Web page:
Archaeopteryx: The Transitional Fossil
Paleontologists view Archaeopteryx as a transition between dinosaurs and modern birds. With its blend of avian and reptilian features, it was thought by many to have been the earliest bird. Discovered in 1860 in Germany, it is sometimes referred to as Urvogel, the German word for "original bird" or "first bird." Recent discoveries, however, have made scientists rethink that status.
The more common name Archaeopteryx is a combination of two ancient Greek words: archaīos, meaning "ancient," and ptéryx, meaning "feather" or "wing." All 11 fossil specimens have been assigned, with some controversy, to a single species, Archaeopteryx lithographica.
Archaeopteryx lived around 151 million to 149 million years ago — during the Tithonian period, the late stage of the Jurassic era — in what is now southern Germany. At the time Europe was an archipelago and was much closer to the equator than it is today, providing this bird-like dinosaur with a fairly warm home close to the sea in which it could thrive.
Is it a bird or a dinosaur?
Despite having feathers, broad wings and a presumed ability to fly or glide — even if limited — Archaeopteryx had more in common with dinosaurs than with birds. Like deinonychosaurs, it had jaws with sharp teeth, three fingers with claws, a long bony tail and hyperextensible second toes known as "killing claws." It also had features in common with theropods, including a nearly identical hind leg bone structure that was clearly visible.
Archaeopteryx was about the size of a raven or crow and its tail was unusually long in comparison to its body length. It could reach up to 20 inches (50 centimeters) in body length, weighing 1.8 lbs. to 2.2 lbs. (0.8 kilogram to 1 kilogram).
Specimens of Archaeopteryx were most notable for their well-developed asymmetrical flight feathers. The tail feathers were not as asymmetrical and had firm vanes, also similar to today's birds. The thumb, however, did not yet have a separately movable tuft of stiff feathers as seen in modern avians.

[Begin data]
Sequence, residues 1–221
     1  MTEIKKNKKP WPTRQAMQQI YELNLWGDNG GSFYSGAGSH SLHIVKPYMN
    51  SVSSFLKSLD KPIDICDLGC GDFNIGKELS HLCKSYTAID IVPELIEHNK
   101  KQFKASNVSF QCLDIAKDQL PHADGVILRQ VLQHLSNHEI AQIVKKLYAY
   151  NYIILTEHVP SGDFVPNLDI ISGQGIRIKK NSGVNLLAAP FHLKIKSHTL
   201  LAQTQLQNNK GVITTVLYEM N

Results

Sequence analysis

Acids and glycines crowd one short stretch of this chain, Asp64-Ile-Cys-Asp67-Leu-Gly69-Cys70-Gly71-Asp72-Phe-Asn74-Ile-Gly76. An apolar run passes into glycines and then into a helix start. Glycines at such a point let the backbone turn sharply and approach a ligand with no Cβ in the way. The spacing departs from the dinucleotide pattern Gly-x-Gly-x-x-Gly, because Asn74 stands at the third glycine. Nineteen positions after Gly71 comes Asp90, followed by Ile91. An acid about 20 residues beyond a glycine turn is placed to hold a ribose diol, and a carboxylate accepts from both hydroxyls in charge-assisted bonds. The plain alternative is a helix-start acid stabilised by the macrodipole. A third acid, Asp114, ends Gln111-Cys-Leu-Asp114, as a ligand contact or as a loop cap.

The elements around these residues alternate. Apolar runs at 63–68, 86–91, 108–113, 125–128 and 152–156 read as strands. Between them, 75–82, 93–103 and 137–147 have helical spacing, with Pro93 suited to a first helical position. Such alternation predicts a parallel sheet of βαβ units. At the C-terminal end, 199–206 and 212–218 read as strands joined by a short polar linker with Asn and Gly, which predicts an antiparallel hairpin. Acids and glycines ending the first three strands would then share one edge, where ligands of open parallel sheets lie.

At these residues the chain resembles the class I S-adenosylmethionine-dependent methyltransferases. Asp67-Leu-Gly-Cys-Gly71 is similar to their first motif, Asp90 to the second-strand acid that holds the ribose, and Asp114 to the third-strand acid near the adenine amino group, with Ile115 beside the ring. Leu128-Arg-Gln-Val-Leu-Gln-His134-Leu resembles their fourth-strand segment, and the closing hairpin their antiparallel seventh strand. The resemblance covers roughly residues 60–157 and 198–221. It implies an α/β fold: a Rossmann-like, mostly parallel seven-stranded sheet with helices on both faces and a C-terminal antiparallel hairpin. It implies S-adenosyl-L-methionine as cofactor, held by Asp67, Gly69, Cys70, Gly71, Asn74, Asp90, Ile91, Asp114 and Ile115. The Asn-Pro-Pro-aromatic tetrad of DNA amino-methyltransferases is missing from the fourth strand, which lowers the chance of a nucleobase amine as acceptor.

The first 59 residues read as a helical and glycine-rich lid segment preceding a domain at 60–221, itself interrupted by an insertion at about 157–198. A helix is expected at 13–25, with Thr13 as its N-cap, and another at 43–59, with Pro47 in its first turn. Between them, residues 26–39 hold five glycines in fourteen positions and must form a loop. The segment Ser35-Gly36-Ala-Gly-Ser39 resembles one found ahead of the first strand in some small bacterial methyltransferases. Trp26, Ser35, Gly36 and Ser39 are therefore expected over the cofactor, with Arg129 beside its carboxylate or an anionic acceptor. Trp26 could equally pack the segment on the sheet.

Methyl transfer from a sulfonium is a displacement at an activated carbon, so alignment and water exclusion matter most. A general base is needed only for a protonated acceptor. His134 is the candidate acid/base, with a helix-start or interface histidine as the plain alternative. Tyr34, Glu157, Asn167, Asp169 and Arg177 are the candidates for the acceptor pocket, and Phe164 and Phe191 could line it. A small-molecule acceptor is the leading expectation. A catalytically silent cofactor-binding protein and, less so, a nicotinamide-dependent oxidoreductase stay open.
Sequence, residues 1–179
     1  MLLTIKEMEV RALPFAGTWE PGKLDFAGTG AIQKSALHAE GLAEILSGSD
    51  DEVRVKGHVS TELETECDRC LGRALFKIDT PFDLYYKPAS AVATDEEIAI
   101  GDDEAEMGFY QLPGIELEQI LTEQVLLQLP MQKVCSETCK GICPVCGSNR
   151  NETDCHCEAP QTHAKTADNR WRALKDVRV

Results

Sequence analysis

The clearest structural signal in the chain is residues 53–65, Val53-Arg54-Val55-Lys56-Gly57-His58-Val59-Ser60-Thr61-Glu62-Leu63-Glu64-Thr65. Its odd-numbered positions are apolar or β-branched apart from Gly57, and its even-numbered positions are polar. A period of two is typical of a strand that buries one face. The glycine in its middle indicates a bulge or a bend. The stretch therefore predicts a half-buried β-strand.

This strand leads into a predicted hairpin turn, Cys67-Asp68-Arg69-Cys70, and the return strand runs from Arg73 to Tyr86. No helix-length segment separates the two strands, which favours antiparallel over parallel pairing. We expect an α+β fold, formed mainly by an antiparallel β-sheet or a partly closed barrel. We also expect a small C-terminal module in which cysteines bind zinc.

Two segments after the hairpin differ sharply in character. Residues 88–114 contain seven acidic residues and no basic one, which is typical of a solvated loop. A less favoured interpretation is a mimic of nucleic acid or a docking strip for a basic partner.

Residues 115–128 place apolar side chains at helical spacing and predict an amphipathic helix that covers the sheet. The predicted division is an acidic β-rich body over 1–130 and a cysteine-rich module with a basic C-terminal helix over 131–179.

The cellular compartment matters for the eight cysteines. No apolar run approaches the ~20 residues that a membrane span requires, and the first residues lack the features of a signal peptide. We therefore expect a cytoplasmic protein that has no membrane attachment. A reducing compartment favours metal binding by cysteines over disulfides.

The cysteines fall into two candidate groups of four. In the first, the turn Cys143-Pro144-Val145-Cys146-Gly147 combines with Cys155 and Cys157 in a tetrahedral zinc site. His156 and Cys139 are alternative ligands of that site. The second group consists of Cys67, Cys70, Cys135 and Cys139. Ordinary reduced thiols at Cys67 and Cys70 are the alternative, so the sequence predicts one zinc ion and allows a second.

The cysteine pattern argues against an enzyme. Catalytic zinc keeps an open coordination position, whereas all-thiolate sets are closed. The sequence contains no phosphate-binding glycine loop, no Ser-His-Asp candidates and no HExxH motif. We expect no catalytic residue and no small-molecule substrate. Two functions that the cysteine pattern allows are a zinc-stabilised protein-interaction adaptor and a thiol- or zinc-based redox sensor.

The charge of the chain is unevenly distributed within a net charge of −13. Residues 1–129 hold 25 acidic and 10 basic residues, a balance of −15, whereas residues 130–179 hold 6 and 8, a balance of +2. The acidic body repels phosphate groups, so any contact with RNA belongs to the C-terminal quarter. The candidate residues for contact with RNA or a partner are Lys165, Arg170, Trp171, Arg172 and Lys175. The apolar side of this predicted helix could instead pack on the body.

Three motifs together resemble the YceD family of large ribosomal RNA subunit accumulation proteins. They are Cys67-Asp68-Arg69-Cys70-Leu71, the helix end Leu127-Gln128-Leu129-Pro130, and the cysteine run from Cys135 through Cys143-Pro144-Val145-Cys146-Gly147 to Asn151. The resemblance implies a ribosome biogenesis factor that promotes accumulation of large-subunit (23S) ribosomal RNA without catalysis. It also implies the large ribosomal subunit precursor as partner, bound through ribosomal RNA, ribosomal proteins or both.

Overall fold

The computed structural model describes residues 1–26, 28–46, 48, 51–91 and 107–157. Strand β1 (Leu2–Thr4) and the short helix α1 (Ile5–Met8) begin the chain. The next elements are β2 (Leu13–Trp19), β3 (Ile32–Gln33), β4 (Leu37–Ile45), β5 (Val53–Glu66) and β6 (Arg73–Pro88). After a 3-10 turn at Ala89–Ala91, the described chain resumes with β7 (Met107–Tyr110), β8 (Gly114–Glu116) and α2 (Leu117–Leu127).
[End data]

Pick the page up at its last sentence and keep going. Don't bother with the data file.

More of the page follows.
The down-like feathers of Archaeopteryx more closely resembled the fluffy down found on the Sinosauropteryx, a small, non-avian theropod, than that of a bird. In 2011, using scanning electron microscopy technology and energy-dispersive X-ray analysis, scientists determined that Archaeopteryx's feathers were black.
While there were feathers on its broad wings, which were rounded at the ends, no feathers or down have been found on Archaeopteryx's head or neck. Scientists continue to debate the reason for the lack of covering in these areas. Some paleontologists believe that this is due to the fact that the Archaeopteryx's head and upper neck were scaled more like a reptile's, while others believe that this is a result of decomposition. [Images: Dinosaurs That Learned to Fly]
Archaeopteryx had a flat breastbone and ribs along the stomach, which are two skeletal features that are found in reptiles. Its flat breastbone suggests that Archaeopteryx was not a very strong flier, but flight muscles might have been supported by its thick, boomerang-shaped wishbone or perhaps attached to its sternum. Its hollow bones and light weight lead scientists to believe it was able to get off the ground fairly easily, however.